Turkey Cashless Society by 2023:
Have you tried Turkish tea? For a tea addict like me, it was great! And thanks to these fantastic tastings, I got to know Turkey, a country with a rich cultural and gastronomic history that also made the history of its economy. The concept of the stock exchange, commerce, and money originated in Anatolia. This rich heritage has inspired the shopping trends and payment culture in Turkish society. The young population is technically capable and innovative to develop Turkey as an innovation center for payments.
Did you know that Turkey launched a contactless credit card in 2006, launched its first BKM digital wallet in 2012, launched the Troy National Payment Scheme in 2016, and that it would be a cashless company in 2023? Our message today will explore how mobile wallets can help Turkey reach its goal of a cashless society by 2023. Let’s get started –
A look at the Turkish economy: opportunities and challenges
In 2018, the average age in Turkey was 32.5 years old, with internet penetration of almost 65%. Smartphone penetration is almost 50%. Mobile commerce accounts for 30% of the e-commerce market value. The above statistics determine the current economic situation in Turkey. But Turkey has some advantages over other regions to realize its cashless dream.
Some of them are –
1. A young demographic base
2. High literacy rate
3. High smartphone penetration
4. Card numbers too high
5. A native card payment network
6. A collaborative ecosystem of banks, technology, and technology providers
7. Friendly regulators and governments to enable a digital future
But there are also challenges such as:
an insufficient population
A specific dependent component of customer liquidity
An ambitious deadline for the cashless society
Mobile wallets in Turkey
Turkey occupies a unique position in the European and Asian e-commerce markets, but somehow cannot take advantage of its strategic position. Banks, NBFC, FI, Fintech, brands, and companies must offer attractive mobile apps/solutions that provide individual offers, discounts, and opportunities for people who want to use digital payments. It’s worth mentioning an incident reported to a local businessman during Black Friday on JPM Morgan Global Payment Trends. “
So there is potential for growth; the only thing is to provide valid and useful use cases, and we’ve highlighted a few:
Use case 1 – Establishment of Turkey as a hub using services via mobile devices.
As the country aims to become a cashless economy by 2023, it is an excellent initiative linking Europe, the Middle East, North Africa [MENA], and Asia to innovate and position itself as a hub for fintech. There are two reasons for this with internal technology partners:
Banks and financial institutions can expand their products and offerings with solutions for different markets.
And studies suggest that growth in smartphone penetration, mobile wallet payments, or mobile money purchases can be accepted.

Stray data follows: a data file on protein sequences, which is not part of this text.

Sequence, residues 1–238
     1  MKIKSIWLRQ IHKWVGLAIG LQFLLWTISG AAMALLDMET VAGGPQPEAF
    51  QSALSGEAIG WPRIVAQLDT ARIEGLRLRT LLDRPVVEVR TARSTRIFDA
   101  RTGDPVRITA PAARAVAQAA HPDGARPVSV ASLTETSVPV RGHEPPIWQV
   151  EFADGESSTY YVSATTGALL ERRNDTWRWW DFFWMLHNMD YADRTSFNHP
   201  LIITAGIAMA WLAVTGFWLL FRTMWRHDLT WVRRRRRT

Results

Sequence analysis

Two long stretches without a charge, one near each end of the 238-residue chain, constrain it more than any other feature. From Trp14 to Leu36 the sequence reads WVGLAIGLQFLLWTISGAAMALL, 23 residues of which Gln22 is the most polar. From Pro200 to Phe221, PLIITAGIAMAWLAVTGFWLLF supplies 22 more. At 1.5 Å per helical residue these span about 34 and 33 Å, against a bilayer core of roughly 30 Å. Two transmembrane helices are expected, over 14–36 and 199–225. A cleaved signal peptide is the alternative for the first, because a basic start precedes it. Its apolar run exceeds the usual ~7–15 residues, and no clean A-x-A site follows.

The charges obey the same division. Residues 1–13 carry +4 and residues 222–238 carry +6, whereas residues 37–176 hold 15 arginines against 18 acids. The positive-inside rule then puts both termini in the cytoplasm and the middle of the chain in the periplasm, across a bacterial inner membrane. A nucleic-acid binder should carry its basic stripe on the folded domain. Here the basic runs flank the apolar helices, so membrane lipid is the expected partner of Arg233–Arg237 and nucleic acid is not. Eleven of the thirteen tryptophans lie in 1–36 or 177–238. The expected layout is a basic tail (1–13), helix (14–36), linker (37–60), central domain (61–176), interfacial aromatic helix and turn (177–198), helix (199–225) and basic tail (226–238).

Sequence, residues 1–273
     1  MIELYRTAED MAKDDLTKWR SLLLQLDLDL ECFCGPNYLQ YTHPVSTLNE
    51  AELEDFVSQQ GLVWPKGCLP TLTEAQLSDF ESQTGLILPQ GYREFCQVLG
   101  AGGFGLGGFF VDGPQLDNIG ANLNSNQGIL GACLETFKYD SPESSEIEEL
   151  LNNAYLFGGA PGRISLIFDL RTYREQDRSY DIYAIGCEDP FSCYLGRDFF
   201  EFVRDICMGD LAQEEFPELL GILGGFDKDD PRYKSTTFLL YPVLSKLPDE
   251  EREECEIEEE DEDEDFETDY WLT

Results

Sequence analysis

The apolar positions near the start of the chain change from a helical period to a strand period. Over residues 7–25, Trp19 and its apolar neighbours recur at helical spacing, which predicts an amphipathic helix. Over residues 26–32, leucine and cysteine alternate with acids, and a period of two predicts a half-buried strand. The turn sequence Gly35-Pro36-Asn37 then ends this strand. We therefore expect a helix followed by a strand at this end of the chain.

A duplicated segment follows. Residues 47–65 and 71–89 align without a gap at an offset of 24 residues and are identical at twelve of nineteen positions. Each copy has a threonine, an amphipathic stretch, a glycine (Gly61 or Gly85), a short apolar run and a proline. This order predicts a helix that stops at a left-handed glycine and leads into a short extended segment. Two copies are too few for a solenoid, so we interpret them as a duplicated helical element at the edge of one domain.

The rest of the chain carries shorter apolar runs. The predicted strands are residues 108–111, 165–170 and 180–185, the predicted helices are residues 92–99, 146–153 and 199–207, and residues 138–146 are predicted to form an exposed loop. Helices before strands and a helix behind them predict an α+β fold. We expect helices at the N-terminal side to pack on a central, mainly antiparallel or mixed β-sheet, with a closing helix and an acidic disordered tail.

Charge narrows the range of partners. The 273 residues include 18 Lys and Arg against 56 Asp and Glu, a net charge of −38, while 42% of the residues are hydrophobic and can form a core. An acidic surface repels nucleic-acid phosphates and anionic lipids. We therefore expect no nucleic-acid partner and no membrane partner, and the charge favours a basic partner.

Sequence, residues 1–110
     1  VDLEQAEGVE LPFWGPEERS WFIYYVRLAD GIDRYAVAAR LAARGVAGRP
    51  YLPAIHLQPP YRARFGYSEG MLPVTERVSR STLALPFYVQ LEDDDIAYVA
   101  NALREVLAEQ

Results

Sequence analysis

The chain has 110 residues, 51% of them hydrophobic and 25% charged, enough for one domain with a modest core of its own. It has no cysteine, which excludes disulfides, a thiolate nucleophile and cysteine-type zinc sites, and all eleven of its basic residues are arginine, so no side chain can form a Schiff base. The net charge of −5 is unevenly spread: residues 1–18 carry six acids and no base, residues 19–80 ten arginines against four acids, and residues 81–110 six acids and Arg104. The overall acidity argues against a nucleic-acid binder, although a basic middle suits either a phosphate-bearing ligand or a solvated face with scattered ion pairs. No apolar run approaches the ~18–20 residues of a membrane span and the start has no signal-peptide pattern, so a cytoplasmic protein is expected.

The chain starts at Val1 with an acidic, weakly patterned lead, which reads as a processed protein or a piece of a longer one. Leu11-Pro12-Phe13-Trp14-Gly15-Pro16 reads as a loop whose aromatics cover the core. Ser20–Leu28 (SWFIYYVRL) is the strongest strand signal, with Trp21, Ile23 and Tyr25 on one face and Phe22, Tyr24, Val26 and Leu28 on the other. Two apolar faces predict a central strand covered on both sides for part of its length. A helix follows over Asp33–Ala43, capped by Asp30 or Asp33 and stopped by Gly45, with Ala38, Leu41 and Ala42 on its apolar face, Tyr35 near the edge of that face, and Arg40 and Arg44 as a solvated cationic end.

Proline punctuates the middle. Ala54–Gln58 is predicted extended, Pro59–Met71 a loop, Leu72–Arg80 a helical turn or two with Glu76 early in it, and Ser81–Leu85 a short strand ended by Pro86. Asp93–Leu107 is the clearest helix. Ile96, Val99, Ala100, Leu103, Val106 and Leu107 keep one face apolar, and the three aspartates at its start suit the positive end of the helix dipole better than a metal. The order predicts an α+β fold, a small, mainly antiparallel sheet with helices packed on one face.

Use Case 2 – Get less technical skills with cell phones
The biggest challenge is to reach children with internet access or less technical skills to achieve the goal of a cashless society. The cell phone is very handy in these cases because it facilitates the tedious process of the banking cycle. Filling out a device with which you can check your account balance, transfer money or pay bills is easy through a digital wallet.
Usage Case 3 – Innovative for Mobile and Web Users
Another high-tech segment of the Turkish population loves social media and is the fourth largest market for Facebook in the world, reports the Reuters Institute. Solutions such as voice payment via mobile wallet or integration of mobile wallets with IoT devices such as Auto, which pays for insurance before the payment date, are some scenarios to attract customers.
Use Case 4 – Mobile financial services for people without a bank
According to Fintechistanbul statistics, 44% of adults, who make up 55% of the adult female population, do not have access to bank accounts. Although banks and partners with Fintech businesses start mobile financial services or banking agents, they can also work with the prepaid card already in use.
[such as Cep-T, Cep-T Neo, and Paycell for card]
you get a mobile wallet where you can put all your bank cards and make payments.
The regulation also aims to enable financial inclusion through the use of mobile wallets. With the change in 2013 enabling electronic money institutions (EMIs) to provide payment services and issue electronic money, it was the government’s attempt to ensure that the bank is one for all. With these EMIs, people can open a mobile wallet as a secure alternative to bank accounts.
Use Case 5 – Get help via mobile wallets
If we look at the statistics in Turkey, almost 1.6 million students, about 3 million families, and various farmers receive state aid in the form of student loans, agricultural loans, and social contributions. The introduction of mobile money will not only make it more convenient for government officials but also make the system more transparent.